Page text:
WebDriver is the tool we are going to use to automate interacting with the UI. It is pretty powerful and can be used for any browser automation task, not just UI testing. It relies on each browser’s native support for automation and requires a driver for each browser. The official WebDriver documentation is actually pretty good, even if it seems like it might be out of date (ignore the disclaimer at the top).

RemoteControl (RC) was the original version of Selenium, but was replaced by WebDriver (the wikipedia article provides some history). RC injected custom JavaScript to perform the automation, required running Selenium Server and did not support dynamic pages as well as WebDriver does. That should be the extent of what you need to know about RC and you are safe to ignore any info or guides that refer to it.

Which nugets to use?

This was a point of confusion for me initially that nowhere explained. There are multiple official nuget packages, what do they all do and which ones do I need?

The ones you will require are Selenium.WebDriver and Selenium.Support. WebDriver is the WebDriver API (pretty straightforward) and Support provides better ways of interacting with the API for C#.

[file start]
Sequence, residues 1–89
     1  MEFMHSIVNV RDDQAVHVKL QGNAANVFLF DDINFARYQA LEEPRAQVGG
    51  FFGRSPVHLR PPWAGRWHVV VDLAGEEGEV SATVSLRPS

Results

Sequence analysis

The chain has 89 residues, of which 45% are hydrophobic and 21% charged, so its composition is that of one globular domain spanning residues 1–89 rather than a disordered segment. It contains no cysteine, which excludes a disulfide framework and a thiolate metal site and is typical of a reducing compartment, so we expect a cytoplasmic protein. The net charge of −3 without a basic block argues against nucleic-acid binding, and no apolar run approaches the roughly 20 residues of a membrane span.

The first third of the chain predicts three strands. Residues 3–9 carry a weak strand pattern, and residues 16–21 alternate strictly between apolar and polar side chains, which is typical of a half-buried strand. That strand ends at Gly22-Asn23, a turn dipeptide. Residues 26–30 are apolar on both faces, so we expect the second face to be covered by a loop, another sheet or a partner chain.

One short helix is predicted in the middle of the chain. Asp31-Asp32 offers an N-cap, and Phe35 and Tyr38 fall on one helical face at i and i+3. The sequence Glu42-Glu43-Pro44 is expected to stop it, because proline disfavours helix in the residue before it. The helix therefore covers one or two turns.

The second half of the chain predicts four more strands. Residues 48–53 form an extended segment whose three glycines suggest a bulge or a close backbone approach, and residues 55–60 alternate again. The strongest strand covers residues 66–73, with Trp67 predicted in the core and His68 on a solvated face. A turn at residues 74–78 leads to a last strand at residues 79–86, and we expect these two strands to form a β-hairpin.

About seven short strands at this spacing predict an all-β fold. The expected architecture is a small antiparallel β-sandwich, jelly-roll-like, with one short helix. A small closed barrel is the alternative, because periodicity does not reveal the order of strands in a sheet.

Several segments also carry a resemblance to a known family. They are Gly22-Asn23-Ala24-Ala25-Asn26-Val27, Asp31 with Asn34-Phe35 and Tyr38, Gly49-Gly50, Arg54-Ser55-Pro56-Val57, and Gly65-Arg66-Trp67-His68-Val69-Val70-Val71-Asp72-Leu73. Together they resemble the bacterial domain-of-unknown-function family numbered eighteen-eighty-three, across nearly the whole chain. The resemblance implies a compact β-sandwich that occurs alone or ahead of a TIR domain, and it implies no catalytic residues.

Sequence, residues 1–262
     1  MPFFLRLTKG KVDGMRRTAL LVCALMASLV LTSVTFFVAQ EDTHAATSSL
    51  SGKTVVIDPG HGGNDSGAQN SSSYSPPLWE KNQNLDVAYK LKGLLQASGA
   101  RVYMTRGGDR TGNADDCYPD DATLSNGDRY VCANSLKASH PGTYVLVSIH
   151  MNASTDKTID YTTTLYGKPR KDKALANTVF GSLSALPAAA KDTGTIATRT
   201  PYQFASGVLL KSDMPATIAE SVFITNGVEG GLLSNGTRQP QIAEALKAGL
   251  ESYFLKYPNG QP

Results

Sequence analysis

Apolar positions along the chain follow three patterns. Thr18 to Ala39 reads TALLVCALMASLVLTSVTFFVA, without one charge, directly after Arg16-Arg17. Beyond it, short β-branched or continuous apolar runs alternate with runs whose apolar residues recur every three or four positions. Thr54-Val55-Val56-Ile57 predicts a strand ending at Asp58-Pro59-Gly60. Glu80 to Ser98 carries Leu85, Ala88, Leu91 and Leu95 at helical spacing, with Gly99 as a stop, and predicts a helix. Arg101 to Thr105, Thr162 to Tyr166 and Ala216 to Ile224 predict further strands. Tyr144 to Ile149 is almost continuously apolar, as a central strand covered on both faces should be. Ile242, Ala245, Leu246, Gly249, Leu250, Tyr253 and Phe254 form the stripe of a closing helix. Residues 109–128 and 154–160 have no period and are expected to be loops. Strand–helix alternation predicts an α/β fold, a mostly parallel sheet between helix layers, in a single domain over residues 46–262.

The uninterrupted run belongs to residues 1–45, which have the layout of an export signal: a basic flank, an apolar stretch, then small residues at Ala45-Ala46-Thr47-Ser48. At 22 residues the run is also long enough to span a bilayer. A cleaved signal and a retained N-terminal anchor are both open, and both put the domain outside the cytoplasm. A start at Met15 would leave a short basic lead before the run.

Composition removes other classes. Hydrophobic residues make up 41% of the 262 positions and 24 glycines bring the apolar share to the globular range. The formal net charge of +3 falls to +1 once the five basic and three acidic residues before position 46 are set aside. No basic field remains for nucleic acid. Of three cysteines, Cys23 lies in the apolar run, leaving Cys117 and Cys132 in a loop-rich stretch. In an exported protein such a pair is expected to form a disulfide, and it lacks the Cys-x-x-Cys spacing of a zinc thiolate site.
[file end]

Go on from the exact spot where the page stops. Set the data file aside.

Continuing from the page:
You can ignore the Selenium.RC nuget and also Selenium.WebDriverBackedSelenium as it provides WebDriver functionality but with the RC API. It exists to transition code using RC to WebDriver, without it to be rewritten to work with the WebDriver API.

Using WebDriver

To go along with this blog series I have created a SeleniumExamples repo on GitHub which will have code that I refer to. At the time of this post there is a very basic example of using WebDriver with the driver for Chrome to go to the Google homepage in the Open_Google_Chrome method of the _1_Bare_Minimum_Web_Driver_Example class.

To setup the project I added xUnit and Selenium.WebDriver through nuget.

xUnit is my personal preference to run tests and any other test framework, e.g. NUnit, would also work. If you are using xunit, don’t forget the Visual Studio runner.

Selenium.WebDriver gives us access to the WebDriver API. The project is not doing anything advanced at this stage, so I didn’t need Selenium.Support.

Since I decided to use Chrome, I needed to add the Chrome driver. There is a 3rd party nuget package that adds it, but I decided to download it and add it into a Dependencies directory in the project. I wanted to do this a bit out of habit (at One Model we follow this pattern for other required executables) and to make sure I could control where the driver gets added so that I can make them all live in the same folder (when I add others).